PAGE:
Can something be both literal and allegorical?

Discussion in 'Languages' started by chuckd, Sep 16, 2016.

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  1. chuckd

    chuckd Puritan Board Sophomore

    Oxford English Dictionary on "literal":
    What if the author intended a certain passage to be an allegory, such as Song of Songs or Pilgrim's Progress? Taking them literally would also be taking them allegorically, correct?
     
  2. Jack K

    Jack K Puritan Board Professor

    As with most words, there are a couple of different ways to define and use the word "literal." One technical way to define "literal" is that it means something like "consistent with the author's intent or with the genre of the piece of literature." In that sense, one is being "literal" to read intended allegory as allegory. Or to read parable as parable, myth as myth, exaggeration as exaggeration... and of course straightforward statement as straightforward statement.

    However, this is not the way most of us use the term these days. Common usage today restricts it to mean reading any kind of literature as being straightforward. So if you use "literal" in the more technical sense, you will typically just end up confusing people or being badly misunderstood.

    It is good to be aware, though, of the broader meaning of the word, especially if you read older writers. It may be that an older writer who is urging you to read the Bible "literally" means that you should read it with an understanding of its various genres. Modern readers will tend to misunderstand a statement like that, supposing he means the Bible must only be interpreted as consisting of straightforward speech.
     
    Last edited: Sep 16, 2016
  3. KeithW

    KeithW Puritan Board Freshman

    Consider the Old Testament story of Abraham having children by both Sarah and Hagar. It sounds like a literal history. Did God only mean it literally?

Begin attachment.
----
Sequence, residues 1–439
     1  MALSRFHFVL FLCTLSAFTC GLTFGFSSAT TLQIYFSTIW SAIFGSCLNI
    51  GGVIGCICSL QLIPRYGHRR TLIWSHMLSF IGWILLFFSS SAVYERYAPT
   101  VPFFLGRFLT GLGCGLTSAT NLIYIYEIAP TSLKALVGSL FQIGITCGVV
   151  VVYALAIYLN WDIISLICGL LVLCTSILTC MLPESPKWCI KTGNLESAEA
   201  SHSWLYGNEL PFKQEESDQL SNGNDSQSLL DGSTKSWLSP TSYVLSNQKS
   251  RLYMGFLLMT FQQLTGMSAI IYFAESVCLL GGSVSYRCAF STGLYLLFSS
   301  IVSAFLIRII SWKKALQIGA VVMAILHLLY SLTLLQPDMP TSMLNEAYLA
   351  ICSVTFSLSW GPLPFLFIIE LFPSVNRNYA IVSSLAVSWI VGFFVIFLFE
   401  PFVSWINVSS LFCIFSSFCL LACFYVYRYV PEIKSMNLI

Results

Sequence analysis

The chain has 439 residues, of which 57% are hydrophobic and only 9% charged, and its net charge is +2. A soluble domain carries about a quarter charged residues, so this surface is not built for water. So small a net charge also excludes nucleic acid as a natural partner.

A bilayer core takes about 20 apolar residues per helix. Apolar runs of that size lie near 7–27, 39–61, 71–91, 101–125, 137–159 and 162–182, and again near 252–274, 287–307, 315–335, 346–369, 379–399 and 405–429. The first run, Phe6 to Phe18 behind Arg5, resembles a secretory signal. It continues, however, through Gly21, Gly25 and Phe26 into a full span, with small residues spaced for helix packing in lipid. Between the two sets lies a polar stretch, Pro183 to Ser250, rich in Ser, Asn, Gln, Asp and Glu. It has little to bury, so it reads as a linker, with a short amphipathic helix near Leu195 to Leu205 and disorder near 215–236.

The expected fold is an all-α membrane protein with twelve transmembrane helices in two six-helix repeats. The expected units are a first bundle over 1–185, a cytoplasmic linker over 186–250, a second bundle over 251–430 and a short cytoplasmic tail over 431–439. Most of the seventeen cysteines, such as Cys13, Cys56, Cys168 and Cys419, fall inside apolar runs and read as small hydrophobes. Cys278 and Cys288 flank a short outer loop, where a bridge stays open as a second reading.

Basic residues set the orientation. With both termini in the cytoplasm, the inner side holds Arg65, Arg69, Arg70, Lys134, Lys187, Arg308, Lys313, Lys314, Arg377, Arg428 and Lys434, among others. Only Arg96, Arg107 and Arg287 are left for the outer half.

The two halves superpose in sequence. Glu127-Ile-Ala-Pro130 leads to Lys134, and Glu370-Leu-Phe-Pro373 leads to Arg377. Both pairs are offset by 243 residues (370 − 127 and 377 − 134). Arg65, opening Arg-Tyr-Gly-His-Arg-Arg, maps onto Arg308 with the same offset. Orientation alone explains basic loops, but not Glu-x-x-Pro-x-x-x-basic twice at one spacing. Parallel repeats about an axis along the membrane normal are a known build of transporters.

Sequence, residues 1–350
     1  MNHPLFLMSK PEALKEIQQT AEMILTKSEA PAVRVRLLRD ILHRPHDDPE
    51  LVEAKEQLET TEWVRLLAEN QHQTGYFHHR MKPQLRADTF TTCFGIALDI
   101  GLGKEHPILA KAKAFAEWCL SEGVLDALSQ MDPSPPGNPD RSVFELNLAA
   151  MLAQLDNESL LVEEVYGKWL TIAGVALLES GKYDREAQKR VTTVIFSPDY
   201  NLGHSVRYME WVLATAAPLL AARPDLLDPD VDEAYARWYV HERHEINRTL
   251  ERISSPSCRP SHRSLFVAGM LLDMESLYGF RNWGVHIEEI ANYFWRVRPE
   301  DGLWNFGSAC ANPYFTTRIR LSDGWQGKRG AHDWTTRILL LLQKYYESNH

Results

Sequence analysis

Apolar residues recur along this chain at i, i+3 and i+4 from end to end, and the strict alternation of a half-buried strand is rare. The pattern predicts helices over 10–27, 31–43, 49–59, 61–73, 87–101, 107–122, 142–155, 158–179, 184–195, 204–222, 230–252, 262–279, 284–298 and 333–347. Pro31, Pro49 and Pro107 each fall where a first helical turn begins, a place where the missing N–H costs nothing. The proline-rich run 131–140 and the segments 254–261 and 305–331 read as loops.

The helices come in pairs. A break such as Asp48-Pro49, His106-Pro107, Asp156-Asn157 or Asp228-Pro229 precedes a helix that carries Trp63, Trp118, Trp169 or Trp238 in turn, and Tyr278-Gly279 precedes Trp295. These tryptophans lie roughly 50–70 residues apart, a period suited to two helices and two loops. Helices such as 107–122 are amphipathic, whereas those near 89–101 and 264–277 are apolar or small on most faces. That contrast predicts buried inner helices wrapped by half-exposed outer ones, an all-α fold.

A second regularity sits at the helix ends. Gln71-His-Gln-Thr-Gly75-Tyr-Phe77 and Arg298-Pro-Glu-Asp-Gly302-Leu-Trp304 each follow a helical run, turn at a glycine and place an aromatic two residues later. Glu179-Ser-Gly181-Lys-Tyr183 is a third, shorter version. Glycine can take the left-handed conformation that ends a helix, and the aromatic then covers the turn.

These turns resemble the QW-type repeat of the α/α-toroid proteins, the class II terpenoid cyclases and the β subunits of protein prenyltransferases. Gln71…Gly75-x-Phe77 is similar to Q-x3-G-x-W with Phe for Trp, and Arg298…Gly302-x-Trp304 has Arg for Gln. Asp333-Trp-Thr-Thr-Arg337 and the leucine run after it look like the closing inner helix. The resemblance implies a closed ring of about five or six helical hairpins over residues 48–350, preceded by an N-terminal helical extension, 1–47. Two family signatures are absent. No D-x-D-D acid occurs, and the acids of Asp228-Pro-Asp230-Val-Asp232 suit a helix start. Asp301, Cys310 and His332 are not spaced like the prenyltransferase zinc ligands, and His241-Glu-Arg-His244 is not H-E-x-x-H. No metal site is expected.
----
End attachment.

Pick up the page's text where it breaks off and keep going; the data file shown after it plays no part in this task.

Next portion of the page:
So this story was both literal and allegorical.

    I have pondered over the story of the exodus of Israel out of Egypt as being allegorical of our salvation, not simply a literal historical story.
     
  4. py3ak

    py3ak They're stalling and plotting against me Staff Member

    Durham points out that the interpretation of allegorical Scripture is not the same thing as the allegorical interpretation of Scripture. Clearly, Pilgrim's Progress is an allegory, and taking it literally would mean understanding it as such; but it is not written in a literal genre.
     
  5. Taylor Sexton

    Taylor Sexton Puritan Board Junior

    This is precisely what I was going to say. One of the most crucial distinctions to have in mind when interpreting Scripture and when talking about translations of Scripture is that between "literal" and "literalistic." To take an allegory literally is to treat it rightly. To take an allegory literalistically would be to destroy it completely.
     
  6. MW

    MW Puritanboard Amanuensis

    To follow up on Ruben's use of Durham's principle, if you take the writing to be setting forth an allegory, a literal interpretation at a minimum must seek to understand (1) the grammatical sense of words and phrases, (2) the historical and cultural setting of the story, (3) the object being allegorised, and (4) the way the tropes and themes of the allegory function in relation to the object.
     
  7. MW

    MW Puritanboard Amanuensis